This week’s news of the rape of a four-month-old baby and a seven-year-old boy in the same household has left the community of Ceres reeling in shock. These rapes form part of a litany of abuse and violence against women and children in South Africa that just doesn’t seem to stop.
Victims, families and communities are reaching out for support in the immediate crisis and for healing over the longer term so that they can stitch their lives back together again. While services are available in some of the bigger cities and towns across the country, in towns like Ceres there is no specialised Rape Crisis organisation. Victim support will be limited to general welfare services and lay people who volunteer at the local police station.
How can this be the case 47 years after 20 000 women marched on the Union Buildings in Pretoria in order to claim their rights to move freely in their society without harassment? Women activists and organisations have been working ever since to try and create safe spaces for women in our communities. At organisations like Rape Crisis we can truly say that survivors of rape leave our counselling programmes with a sense that they have recovered from their trauma with more confidence in themselves, with a greater sense of meaning and purpose in their lives, feeling more in control, with closer relationships and more willingness to be open to new experiences.
The extent of rape in 2013 is enormous and incidents are becoming increasingly violent in nature. In this context why is there such a dearth of services to victims? Rape Crisis was threatened with closure a year ago and was in part pulled back from the brink by the incredible support and generosity of our community of supporters who gave generously of their time and money and in part by the amazing dedication of our staff who worked alongside volunteers with no pay. Yet we are still not meeting the need in the Western Cape. In part this is because provincial government has so seriously underestimated the problem of rape in their situational analysis and have therefore failed to allocate adequate resources.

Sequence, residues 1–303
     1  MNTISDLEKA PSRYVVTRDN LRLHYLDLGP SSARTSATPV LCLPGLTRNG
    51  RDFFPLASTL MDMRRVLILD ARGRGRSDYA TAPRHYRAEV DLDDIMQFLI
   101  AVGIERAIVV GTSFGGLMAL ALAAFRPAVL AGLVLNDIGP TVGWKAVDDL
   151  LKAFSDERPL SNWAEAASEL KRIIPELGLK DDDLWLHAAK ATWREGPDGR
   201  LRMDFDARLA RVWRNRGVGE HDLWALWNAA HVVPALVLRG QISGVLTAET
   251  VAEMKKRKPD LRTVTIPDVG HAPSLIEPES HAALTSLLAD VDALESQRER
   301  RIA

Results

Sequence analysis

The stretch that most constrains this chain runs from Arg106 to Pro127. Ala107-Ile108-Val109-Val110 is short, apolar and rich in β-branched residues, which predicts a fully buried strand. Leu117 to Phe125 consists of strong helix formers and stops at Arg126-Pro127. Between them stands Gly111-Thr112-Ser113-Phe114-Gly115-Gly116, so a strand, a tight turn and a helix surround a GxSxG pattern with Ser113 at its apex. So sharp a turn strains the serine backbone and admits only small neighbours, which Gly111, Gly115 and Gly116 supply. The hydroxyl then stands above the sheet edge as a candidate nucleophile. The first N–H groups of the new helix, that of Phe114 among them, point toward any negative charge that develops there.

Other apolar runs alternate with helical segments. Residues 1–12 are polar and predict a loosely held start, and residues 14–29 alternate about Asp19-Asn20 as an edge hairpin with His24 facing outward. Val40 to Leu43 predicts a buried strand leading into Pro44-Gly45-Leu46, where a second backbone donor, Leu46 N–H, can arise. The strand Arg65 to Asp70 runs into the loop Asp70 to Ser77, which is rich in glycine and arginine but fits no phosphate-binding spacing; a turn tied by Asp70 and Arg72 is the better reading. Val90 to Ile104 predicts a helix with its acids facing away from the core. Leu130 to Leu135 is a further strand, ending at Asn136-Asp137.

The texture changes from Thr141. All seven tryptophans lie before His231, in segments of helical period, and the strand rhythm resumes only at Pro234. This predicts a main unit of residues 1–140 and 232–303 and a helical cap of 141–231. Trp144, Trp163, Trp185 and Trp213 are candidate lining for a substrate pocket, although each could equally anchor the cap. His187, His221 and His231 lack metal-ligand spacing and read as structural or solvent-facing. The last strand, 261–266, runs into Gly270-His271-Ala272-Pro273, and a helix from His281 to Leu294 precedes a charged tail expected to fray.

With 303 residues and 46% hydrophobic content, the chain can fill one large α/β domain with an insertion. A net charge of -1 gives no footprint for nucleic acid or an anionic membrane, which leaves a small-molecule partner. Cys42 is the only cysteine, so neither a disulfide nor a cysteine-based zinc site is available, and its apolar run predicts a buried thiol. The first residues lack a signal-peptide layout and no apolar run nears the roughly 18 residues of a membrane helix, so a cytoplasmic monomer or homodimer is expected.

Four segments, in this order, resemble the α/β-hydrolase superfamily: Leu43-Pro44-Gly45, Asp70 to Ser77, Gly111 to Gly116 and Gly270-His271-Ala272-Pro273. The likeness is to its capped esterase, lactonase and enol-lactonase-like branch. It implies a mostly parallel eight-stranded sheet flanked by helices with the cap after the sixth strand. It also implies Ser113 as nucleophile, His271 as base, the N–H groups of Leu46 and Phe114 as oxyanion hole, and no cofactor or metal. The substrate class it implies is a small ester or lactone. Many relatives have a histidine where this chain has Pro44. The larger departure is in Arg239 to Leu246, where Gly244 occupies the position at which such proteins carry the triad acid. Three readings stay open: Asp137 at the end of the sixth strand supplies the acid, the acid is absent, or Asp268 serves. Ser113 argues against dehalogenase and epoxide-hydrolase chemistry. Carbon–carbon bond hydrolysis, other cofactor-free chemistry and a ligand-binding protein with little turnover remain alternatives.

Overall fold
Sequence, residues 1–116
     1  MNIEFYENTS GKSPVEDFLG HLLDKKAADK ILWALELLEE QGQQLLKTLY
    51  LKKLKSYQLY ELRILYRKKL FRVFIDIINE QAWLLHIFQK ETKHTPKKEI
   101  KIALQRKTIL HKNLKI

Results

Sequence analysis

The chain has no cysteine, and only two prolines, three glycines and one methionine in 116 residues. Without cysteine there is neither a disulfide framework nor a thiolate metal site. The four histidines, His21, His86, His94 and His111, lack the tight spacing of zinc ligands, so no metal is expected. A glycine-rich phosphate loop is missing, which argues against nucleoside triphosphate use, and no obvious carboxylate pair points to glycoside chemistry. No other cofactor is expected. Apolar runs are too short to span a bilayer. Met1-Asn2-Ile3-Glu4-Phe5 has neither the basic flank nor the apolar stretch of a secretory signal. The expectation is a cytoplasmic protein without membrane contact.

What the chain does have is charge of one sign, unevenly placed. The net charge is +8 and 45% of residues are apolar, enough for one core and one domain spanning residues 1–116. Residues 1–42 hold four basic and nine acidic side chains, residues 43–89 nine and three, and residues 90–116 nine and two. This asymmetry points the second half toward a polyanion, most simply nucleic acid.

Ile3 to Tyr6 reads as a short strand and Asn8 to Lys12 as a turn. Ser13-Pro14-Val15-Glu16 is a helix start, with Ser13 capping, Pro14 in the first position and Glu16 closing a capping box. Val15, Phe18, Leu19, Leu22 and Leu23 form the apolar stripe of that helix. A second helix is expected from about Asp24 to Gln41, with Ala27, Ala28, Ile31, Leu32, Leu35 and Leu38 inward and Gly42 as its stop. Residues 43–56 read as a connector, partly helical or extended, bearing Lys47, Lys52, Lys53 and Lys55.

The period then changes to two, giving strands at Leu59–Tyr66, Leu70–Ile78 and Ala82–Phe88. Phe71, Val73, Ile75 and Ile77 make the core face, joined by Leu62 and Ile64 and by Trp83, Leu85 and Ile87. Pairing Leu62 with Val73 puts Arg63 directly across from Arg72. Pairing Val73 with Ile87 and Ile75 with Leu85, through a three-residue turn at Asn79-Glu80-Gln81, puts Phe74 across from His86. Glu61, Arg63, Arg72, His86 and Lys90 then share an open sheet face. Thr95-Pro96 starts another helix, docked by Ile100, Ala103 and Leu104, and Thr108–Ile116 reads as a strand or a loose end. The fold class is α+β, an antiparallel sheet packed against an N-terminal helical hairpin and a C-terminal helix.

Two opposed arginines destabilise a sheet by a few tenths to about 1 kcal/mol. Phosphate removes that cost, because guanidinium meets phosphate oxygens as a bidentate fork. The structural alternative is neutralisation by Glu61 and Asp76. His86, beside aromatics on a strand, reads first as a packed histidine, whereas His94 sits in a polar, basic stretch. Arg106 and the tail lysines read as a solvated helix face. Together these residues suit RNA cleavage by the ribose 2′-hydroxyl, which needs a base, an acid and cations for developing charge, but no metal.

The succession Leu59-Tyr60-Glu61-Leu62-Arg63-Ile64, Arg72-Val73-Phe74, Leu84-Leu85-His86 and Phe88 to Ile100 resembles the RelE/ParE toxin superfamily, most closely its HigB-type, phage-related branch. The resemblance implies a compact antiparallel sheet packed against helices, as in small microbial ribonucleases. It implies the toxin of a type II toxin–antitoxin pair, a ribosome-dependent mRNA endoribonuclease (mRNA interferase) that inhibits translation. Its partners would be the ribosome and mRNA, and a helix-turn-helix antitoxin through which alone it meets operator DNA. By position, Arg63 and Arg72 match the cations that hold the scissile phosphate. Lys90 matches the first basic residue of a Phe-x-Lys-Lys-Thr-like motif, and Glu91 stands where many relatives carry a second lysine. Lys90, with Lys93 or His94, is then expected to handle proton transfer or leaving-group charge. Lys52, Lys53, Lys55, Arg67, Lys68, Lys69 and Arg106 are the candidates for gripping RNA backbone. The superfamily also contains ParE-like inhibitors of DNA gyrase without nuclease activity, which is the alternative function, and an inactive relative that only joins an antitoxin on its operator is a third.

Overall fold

Many people feel overwhelmed and helpless. Community members are calling out for NGOs “to be everywhere”. This Women’s Day Rape Crisis will celebrate by launching a rape information portal on MXit so that wherever you are in the country you have the information you need at your fingertips if someone has raped you or someone close to you. In this way Rape Crisis is finding creative an innovative ways to extend our services to women in poor and rural areas.
At the end of the day NGOs are simply groups of concerned people that have come together to find a way to support survivors in their communities and to try and talk about violence against women in order to try and bring the voice of the victim of rape to the leaders of our country so that they will again have to listen to the demands of women and respond in a meaningful way. In order for this to happen, people have to do what they did for Rape Crisis. Step forward. Talk about the problem. Donate time. Donate resources.
In past Women’s Days we looked for leaders to step up and respond with purpose and resolve. This Women’s Day we are calling on ordinary men and women to become the extraordinary leaders that the women of 1956 were in their day and ask them to do what they can, where they are, with what they have.
(This was originally posted at the Rape Crisis Cape Town Blog. Thanks to Kathleen Dey and all the workers at the Rape Crisis Cape Town Trust. Do consider joining their 1000Hearts Campaign and donate now.)
(Photo Credit: Rape Crisis)